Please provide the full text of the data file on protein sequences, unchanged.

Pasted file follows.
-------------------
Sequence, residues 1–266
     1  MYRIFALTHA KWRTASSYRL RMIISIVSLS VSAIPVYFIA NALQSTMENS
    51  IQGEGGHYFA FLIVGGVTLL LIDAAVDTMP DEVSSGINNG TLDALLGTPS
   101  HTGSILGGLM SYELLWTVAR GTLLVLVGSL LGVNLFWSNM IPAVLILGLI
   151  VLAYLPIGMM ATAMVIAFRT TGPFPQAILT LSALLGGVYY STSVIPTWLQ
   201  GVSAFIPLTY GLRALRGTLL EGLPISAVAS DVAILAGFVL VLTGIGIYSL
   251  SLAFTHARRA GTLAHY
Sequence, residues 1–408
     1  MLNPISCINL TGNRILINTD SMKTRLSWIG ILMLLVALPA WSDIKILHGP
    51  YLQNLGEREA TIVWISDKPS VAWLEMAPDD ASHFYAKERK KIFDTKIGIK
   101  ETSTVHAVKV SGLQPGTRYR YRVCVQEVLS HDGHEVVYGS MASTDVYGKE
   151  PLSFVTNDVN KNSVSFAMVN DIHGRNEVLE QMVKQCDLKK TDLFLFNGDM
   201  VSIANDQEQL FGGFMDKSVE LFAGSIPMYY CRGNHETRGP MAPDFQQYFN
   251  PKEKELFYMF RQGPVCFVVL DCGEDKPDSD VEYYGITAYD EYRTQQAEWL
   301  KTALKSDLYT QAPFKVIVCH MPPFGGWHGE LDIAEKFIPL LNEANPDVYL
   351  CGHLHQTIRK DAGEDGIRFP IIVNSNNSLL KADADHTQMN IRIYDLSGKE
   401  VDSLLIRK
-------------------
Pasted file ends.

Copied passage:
Sequence, residues 1–266
     1  MYRIFALTHA KWRTASSYRL RMIISIVSLS VSAIPVYFIA NALQSTMENS
    51  IQGEGGHYFA FLIVGGVTLL LIDAAVDTMP DEVSSGINNG TLDALLGTPS
   101  HTGSILGGLM SYELLWTVAR GTLLVLVGSL LGVNLFWSNM IPAVLILGLI
   151  VLAYLPIGMM ATAMVIAFRT TGPFPQAILT LSALLGGVYY STSVIPTWLQ
   201  GVSAFIPLTY GLRALRGTLL EGLPISAVAS DVAILAGFVL VLTGIGIYSL
   251  SLAFTHARRA GTLAHY
Sequence, residues 1–408
     1  MLNPISCINL TGNRILINTD SMKTRLSWIG ILMLLVALPA WSDIKILHGP
    51  YLQNLGEREA TIVWISDKPS VAWLEMAPDD ASHFYAKERK KIFDTKIGIK
   101  ETSTVHAVKV SGLQPGTRYR YRVCVQEVLS HDGHEVVYGS MASTDVYGKE
   151  PLSFVTNDVN KNSVSFAMVN DIHGRNEVLE QMVKQCDLKK TDLFLFNGDM
   201  VSIANDQEQL FGGFMDKSVE LFAGSIPMYY CRGNHETRGP MAPDFQQYFN
   251  PKEKELFYMF RQGPVCFVVL DCGEDKPDSD VEYYGITAYD EYRTQQAEWL
   301  KTALKSDLYT QAPFKVIVCH MPPFGGWHGE LDIAEKFIPL LNEANPDVYL
   351  CGHLHQTIRK DAGEDGIRFP IIVNSNNSLL KADADHTQMN IRIYDLSGKE
   401  VDSLLIRK